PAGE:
Rattled movie review

Posted on 29 January 2011
By Miv Evans
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The milk and honey was flowing a little too slowly for some Israelites in the 1980s and, as if one Exodus wasn’t enough, they left their homeland and made their way to America, curious to see if they could do better.

Amongst the wanderers was Eitan Chiya, 27 years old, fresh out of jail, and convinced that the Promised Land lay ahead, not behind.

Eitan was just 17 when he was convicted of murder and sentenced to life imprisonment.

Ten years later, he received a Presidential pardon and made the decision to continue his life of crime in the US.

Roman was also an Israeli immigrant and criminal, so the paths of the two men soon crossed and it is Roman who narrates Eitan’s story in this documentary, with his own tale juxtaposed, crossing and clashing until they reach their final destination 20 years later.

The points of view in this film move adeptly from Eitan, the crime lord, to Roman, the mid-level mobster, and then cross the line to the dedicated law enforcement officers and the world weary attorney.

Decades later, the lawyer remembers the minutiae of every case and still seems mystified by the Israeli Mafia who, amongst their many other crimes, pulled off the biggest gold heist in New York history.

Everyone has their own tale to tell except, of course, the unfortunates who stepped out of line and were dispatched, in classic Mafioso style, to sleep with the fishes.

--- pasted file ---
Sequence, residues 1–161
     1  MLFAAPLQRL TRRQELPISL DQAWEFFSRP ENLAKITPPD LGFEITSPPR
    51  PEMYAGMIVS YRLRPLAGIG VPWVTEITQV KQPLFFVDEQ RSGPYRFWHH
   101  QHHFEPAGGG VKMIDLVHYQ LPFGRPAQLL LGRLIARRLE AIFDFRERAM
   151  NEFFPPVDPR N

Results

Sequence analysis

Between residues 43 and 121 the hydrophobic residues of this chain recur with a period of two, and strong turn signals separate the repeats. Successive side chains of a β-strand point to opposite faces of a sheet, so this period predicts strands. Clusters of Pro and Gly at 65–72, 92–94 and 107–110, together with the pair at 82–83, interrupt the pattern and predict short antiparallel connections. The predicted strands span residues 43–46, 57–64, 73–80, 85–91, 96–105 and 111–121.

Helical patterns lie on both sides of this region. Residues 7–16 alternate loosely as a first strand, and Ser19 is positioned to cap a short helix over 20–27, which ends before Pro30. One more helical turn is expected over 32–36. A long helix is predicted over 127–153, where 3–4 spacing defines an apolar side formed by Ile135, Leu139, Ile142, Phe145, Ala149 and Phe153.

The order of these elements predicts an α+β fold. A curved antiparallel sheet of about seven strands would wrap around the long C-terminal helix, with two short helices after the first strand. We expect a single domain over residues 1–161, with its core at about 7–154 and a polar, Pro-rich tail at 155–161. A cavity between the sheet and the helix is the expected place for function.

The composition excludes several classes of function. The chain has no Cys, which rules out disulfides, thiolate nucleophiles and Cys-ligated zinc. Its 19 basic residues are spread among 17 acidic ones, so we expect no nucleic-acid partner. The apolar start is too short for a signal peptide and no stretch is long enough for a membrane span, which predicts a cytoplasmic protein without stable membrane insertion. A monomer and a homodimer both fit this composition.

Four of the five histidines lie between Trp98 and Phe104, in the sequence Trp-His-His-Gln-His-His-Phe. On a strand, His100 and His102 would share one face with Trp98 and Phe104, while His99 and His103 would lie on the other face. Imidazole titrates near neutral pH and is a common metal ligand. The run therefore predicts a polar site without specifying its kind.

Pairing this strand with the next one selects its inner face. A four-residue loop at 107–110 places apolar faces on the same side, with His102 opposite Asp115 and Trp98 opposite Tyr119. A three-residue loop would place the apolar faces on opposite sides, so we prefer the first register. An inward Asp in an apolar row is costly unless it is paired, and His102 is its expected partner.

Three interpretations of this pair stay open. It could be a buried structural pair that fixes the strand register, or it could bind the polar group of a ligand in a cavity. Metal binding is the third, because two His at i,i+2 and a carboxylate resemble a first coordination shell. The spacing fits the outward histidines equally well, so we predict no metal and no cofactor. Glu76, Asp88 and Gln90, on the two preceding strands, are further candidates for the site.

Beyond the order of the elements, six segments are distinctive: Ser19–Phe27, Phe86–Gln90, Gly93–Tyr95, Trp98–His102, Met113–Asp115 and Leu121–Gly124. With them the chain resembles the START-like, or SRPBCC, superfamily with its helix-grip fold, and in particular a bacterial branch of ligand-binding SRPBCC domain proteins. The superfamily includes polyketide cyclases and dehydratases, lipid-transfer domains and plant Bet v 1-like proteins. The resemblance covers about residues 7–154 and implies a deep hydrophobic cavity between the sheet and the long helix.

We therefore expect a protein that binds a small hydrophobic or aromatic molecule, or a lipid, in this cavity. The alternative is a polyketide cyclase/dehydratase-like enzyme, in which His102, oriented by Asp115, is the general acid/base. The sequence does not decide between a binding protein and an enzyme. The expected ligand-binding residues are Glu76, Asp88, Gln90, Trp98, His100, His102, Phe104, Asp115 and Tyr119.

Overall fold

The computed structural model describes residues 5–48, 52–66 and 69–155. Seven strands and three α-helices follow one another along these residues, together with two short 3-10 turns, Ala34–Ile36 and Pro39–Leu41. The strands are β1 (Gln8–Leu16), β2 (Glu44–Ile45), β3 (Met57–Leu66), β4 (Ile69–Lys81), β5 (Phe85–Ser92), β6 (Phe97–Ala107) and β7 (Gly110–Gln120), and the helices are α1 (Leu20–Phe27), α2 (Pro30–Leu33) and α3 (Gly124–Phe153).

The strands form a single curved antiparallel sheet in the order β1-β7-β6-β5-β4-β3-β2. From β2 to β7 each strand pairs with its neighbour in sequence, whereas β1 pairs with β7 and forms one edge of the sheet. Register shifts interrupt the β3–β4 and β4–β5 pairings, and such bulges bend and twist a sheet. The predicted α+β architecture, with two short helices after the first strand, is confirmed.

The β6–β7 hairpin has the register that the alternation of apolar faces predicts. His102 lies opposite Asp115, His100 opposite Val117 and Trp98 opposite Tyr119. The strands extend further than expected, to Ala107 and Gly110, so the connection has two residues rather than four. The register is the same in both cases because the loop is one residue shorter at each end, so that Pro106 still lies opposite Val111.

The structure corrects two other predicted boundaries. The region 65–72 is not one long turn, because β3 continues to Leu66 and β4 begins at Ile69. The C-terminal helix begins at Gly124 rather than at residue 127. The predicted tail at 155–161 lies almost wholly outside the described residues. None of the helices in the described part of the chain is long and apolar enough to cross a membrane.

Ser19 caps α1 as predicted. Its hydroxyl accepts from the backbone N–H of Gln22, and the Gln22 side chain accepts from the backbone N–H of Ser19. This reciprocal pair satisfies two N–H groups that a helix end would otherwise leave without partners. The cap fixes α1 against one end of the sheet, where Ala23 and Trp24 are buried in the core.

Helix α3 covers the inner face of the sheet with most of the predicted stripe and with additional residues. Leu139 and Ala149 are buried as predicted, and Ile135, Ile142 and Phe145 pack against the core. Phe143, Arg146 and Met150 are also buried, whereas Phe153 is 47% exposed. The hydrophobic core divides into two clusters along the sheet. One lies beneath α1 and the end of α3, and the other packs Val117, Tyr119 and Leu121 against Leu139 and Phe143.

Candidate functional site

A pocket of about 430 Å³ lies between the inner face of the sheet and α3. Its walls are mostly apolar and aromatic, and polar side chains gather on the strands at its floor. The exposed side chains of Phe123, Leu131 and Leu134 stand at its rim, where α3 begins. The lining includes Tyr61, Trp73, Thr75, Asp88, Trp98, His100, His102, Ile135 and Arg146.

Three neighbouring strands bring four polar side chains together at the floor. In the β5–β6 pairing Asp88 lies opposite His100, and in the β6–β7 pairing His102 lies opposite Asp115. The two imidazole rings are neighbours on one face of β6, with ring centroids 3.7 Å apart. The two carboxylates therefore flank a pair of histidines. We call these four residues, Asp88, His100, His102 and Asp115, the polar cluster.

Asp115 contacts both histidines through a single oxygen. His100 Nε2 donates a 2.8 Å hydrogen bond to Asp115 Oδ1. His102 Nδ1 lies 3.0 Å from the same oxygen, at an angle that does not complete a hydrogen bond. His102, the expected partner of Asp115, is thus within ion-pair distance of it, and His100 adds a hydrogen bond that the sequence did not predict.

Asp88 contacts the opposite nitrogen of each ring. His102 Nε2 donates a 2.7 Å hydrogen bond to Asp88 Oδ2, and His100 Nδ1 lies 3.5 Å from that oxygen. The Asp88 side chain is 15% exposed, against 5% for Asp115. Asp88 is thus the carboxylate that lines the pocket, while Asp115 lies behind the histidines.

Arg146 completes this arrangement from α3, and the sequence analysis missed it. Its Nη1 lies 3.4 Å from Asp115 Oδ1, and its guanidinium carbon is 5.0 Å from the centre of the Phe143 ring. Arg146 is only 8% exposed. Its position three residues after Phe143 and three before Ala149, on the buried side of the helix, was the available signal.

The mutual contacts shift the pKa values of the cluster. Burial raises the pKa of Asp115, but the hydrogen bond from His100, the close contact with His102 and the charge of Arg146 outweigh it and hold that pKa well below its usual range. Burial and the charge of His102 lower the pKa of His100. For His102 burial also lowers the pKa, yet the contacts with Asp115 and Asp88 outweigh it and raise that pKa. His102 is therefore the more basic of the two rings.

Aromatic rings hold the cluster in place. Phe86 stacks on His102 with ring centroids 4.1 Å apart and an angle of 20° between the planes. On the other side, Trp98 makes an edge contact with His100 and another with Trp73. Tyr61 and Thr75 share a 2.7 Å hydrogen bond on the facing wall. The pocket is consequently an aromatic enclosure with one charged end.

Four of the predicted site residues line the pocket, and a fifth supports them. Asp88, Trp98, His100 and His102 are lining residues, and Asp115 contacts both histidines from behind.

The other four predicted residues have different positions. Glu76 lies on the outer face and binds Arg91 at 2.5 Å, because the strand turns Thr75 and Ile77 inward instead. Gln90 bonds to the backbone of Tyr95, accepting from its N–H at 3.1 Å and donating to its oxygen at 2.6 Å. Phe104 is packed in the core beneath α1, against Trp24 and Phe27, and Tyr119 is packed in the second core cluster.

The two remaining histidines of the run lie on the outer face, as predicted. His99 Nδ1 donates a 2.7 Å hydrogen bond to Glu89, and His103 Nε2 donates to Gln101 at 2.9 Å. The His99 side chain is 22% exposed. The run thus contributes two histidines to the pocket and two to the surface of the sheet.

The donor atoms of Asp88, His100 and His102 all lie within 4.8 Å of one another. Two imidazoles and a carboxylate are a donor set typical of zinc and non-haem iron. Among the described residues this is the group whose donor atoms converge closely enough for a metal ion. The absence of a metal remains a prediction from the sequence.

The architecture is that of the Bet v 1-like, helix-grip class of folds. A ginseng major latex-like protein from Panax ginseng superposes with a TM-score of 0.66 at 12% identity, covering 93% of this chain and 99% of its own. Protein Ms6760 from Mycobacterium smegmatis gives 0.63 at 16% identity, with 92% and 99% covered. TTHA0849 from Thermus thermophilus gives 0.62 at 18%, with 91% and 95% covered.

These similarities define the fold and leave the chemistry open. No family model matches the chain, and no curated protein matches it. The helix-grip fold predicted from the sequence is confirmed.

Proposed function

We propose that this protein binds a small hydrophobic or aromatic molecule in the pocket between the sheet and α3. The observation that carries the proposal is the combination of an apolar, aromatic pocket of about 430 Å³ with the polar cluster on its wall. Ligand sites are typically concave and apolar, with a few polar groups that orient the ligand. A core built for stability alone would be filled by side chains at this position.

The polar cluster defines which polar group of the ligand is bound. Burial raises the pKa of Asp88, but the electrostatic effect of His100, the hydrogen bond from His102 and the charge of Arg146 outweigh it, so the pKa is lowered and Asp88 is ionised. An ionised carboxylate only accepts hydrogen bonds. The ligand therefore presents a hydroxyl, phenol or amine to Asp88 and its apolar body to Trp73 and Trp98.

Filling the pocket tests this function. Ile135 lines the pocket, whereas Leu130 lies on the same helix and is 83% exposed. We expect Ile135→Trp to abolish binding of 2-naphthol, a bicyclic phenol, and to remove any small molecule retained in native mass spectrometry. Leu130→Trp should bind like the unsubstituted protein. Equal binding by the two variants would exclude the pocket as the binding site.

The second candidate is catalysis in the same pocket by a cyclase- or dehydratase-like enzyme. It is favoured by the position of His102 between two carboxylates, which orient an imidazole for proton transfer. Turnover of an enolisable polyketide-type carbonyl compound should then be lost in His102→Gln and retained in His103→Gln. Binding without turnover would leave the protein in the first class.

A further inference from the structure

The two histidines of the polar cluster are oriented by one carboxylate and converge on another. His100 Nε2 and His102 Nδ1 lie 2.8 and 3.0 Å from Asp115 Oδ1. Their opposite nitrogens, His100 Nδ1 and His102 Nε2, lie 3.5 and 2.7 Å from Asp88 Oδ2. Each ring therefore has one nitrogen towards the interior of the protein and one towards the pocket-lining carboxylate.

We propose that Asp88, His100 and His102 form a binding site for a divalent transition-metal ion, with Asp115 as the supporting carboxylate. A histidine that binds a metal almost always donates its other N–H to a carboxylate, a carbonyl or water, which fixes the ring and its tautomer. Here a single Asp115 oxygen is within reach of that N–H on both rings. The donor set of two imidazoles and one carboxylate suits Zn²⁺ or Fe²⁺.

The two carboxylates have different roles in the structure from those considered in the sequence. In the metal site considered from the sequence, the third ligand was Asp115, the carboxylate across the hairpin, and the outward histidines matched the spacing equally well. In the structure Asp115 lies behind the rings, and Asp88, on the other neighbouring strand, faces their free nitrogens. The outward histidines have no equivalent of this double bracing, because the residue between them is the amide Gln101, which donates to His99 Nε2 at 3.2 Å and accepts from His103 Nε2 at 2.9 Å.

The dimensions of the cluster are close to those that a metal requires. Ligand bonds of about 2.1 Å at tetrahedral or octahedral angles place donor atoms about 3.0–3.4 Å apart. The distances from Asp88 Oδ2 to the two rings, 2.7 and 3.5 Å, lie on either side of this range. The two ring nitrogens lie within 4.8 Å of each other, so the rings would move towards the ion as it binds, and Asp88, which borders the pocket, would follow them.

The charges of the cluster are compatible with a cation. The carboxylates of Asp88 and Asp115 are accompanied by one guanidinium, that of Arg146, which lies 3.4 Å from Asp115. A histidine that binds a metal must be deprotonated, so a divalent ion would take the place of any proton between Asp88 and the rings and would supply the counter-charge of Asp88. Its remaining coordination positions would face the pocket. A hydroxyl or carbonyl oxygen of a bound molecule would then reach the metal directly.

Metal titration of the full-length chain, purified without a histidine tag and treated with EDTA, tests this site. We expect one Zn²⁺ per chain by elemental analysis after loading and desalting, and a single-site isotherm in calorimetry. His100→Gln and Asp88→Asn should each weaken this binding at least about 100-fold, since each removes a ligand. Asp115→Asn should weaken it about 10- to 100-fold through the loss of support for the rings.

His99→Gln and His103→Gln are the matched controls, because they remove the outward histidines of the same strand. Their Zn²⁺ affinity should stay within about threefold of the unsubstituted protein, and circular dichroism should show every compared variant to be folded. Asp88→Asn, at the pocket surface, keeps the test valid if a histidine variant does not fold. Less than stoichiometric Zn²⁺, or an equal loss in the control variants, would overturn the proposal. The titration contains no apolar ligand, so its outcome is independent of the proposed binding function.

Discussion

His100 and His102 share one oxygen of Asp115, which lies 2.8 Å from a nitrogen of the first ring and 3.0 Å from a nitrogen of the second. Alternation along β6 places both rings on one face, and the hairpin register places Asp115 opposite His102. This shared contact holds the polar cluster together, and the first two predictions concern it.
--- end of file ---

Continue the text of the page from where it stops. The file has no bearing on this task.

As the culture of greed and violence grew, so did Eitan’s empire. Hedonism was the order of the day and, as their wealth became more obscene, so did their vulnerability.

The first casualty was Roman, who is still tortured by the quirk of fate that tripped him up and which, ultimately, was the opening salvo in a renewed battle between the law and the lawless.

It was surprising to learn that the Italian Mafia allowed the Israelis onto their territory, adjusting political boundaries so incomes could be maximized and proving that, if profit margins are high enough, even the most bitter of enemies will become pals.

So, with this business model in mind, why doesn’t someone set up a working arrangement between Israel and Palestine?

Obviously loan sharking and extortion won’t work but skimming off someone like Chevron would be OK and, as long as the shekels keep rolling in, peace would be guaranteed.

This might one day even solve the boundary issues and is, very likely, the only way to get the lion to lay down with the lamb.

New York Premier – TBA
Contact Director/Producer Emilio Roso